The House was lining up a vote on an amendment by Rep. Tim Huelskamp (right) to the Justice Departments spending bill on the same day that President Barack Obama endorsed gay marriage on national television.
Obama’s announcement could also bolster opponents such as Huelskamp. Republicans in the House had hoped to avoid engaging in social issues over the next several weeks in order to focus on economic issues. But Obama’s decision to endorse gay marriage has put the issue front and center on the national stage.
Meanwhile, the Servicemembers Legal Defense Network on Wednesday sought to block Speaker John Boehner’s efforts to intervene in a DOMA case involving gay and lesbian members of the armed forces.
Last week, the Ohio Republican directed the Bipartisan Legal Advisory Group to intervene in McLaughlin v. U.S., which challenges restrictions on benefits for gay and lesbian couples.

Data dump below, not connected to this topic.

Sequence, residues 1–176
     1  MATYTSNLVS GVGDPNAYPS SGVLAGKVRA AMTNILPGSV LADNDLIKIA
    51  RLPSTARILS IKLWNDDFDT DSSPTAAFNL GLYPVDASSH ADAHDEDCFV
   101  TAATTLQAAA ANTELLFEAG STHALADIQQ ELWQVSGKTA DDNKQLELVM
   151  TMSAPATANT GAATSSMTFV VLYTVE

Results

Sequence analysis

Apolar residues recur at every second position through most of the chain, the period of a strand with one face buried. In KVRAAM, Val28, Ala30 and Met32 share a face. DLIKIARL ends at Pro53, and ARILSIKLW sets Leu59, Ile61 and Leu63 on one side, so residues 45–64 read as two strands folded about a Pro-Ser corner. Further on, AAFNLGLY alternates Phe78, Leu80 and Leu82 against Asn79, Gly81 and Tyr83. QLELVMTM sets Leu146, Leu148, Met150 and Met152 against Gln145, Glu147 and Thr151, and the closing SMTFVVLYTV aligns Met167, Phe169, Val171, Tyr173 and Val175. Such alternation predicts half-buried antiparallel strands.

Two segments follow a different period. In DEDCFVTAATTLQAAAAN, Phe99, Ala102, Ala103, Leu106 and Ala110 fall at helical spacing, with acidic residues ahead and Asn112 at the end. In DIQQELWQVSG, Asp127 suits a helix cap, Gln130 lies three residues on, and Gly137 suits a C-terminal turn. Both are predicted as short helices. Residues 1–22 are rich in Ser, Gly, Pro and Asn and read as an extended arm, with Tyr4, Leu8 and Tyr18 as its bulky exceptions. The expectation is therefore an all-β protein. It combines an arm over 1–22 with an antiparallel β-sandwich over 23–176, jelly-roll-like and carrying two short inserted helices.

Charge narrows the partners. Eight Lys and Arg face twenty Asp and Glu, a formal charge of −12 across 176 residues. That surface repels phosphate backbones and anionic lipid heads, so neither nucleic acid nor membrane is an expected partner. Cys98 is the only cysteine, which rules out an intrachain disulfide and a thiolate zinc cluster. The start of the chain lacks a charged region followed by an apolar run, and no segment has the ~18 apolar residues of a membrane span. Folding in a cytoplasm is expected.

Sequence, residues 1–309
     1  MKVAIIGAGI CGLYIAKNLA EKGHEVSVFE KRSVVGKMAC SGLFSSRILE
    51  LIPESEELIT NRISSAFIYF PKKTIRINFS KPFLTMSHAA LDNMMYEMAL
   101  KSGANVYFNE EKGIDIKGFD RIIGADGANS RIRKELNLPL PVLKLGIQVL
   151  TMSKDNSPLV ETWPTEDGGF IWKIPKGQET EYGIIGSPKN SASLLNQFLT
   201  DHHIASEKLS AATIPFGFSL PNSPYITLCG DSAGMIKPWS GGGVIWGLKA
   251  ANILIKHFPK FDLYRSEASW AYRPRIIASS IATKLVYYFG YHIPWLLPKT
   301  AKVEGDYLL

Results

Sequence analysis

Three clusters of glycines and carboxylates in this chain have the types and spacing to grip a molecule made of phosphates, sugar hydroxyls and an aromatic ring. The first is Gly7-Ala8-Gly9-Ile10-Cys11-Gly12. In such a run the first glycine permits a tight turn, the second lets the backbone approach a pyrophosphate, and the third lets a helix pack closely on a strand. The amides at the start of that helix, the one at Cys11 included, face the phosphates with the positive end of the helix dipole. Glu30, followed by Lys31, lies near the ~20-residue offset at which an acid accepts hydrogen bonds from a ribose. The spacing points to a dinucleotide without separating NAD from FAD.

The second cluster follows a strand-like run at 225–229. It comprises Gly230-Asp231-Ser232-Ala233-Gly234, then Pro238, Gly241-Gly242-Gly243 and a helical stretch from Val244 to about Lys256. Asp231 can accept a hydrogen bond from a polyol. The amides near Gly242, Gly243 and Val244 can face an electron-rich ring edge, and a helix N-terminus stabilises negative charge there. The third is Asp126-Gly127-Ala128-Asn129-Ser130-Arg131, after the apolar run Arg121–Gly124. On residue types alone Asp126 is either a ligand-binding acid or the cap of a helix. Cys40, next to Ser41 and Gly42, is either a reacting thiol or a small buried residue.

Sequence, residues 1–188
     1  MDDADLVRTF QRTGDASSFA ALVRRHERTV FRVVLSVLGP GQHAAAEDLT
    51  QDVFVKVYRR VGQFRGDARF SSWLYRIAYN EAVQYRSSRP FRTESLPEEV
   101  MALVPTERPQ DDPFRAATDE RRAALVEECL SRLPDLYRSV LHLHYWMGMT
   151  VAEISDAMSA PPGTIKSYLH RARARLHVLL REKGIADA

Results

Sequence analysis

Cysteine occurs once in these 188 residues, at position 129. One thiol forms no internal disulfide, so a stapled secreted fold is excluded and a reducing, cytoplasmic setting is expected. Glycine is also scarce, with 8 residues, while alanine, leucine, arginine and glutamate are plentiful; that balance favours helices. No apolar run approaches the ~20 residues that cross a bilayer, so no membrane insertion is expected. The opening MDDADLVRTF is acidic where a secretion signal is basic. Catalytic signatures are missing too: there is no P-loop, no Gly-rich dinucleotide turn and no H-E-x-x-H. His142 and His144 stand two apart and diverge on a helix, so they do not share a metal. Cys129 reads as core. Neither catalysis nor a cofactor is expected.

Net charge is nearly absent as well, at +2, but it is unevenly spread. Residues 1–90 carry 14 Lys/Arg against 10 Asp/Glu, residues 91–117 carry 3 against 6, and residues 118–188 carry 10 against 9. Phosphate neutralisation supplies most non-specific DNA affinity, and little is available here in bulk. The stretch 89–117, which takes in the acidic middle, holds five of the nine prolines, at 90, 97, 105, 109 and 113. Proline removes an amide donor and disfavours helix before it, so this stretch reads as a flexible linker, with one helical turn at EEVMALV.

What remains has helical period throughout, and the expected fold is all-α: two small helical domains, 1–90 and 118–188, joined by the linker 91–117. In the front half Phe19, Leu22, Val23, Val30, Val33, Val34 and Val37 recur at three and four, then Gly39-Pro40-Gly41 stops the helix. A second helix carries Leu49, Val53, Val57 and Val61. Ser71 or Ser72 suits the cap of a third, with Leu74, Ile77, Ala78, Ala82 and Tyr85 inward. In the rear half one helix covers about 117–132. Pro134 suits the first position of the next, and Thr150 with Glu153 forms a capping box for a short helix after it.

In a release, SLDN Executive Director Aubrey Sarvis said, “The Obama Administration has wisely decided not to defend these unconstitutional and discriminatory laws that hurt military families, and Speaker Boehner is attempting to appoint himself to a role that is expressly reserved to the executive branch of our government.”
Boehner spokesman Brendan Buck dismissed SLDN’s complaint, noting that the Republican leader followed the proper procedures in directing the intervention.
“It was determined through consultations with each office — the process used to make such decisions regularly under then-Speaker [Nancy] Pelosi [D-Calif.] — that a majority of the BLAG believes the constitutionality of this statute, which the attorney general described as ‘identical in material respect to the language of Section 3 of DOMA,’ should be determined by the judicial branch, not through a unilateral decree of the president,” Buck said.
Each year since 1990, CQ Roll Call has reviewed the financial disclosures of all 541 senators, representatives and delegates to determine the 50 richest members of Congress. This year's report, derived from forms covering the calendar year 2012, shows it took a net worth of $6.67 million to crack the exclusive club.